(PhysOrg.com) -- Cutting-edge “tweezers” are so sensitive that they can feel the tell-tale tug of tiny concentrations of pathogens in blood samples, yet don’t ever need to be sterilized—or even held—as they are ephemeral and weightless.
The National Institute of Standards and Technology has licensed a patented “optical tweezers” technique for detecting and measuring very small concentrations of a biological substance—such as a virus on a surface. NIST has issued a non-exclusive license for the technology to Haemonetics, a global health care company that provides blood management technologies for hospitals and blood and plasma collection agencies.
Optical tweezers are actually tightly focused laser beams. They can trap certain objects, such as latex microspheres or biological cells, and move them around in water. This occurs because the lasers' electric fields interact with electric charges on the objects.
To detect disease-causing agents, researchers can coat a microsphere with antibody particles and then touch it to a surface containing infectious particles (antigens). The antigens then stick to the antibodies on the sphere, reminiscent of Velcro, in which loops on one strip combine with hooks on the other.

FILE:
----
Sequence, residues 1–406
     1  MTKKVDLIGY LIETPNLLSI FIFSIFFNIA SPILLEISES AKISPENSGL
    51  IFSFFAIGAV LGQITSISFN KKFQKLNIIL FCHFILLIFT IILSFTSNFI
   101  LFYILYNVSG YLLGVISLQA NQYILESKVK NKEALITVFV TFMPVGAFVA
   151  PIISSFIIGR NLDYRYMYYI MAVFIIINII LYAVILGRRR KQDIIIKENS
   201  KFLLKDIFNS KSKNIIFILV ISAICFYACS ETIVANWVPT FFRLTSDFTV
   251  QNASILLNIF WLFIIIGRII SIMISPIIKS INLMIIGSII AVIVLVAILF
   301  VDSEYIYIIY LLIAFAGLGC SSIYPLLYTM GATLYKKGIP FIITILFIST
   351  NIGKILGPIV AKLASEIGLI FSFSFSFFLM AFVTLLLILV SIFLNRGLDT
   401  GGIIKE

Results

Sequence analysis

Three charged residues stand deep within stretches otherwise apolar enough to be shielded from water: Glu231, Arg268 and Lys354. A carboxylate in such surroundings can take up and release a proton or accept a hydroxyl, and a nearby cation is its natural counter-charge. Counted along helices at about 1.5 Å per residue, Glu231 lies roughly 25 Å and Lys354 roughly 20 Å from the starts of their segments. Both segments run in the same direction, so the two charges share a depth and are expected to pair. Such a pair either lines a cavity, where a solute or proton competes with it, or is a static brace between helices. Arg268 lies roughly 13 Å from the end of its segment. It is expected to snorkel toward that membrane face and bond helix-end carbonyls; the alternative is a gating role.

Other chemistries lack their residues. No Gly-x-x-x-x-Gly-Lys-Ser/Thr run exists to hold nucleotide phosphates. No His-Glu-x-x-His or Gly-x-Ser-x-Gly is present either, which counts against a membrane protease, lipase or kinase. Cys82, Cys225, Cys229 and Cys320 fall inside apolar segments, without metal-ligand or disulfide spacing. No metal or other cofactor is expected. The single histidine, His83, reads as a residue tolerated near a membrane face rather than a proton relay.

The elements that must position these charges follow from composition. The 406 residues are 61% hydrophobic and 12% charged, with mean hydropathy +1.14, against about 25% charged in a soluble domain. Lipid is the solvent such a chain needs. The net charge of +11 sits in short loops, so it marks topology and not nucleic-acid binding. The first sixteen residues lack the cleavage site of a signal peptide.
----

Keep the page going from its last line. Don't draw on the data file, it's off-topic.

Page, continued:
By determining how much laser power is required to pull the microsphere away from the surface, one can then calculate the amount of force needed to break off the antibodies from the antigens and thus count the number of individual antigens that were bound to the sphere. This in turn can detect and count biological antigens at extraordinarily low “femtomolar” concentrations—roughly equivalent to one antigen particle per quadrillion (1,000,000,000,000,000) water molecules.
Following up on earlier work in optical tweezers in the industrial and academic research communities in the 1970s, the licensed technology was patented in 1997 (patent #5,620,857), as a result of research conducted under the NIST BioSensor Consortium. The inventors are Howard Weetall (since retired), Kristian Helmerson, and guest researcher Rani Kishore.
Provided by NIST
Explore further: Decoding the brain: Scientists redefine and measure single-neuron signal-to-noise ratio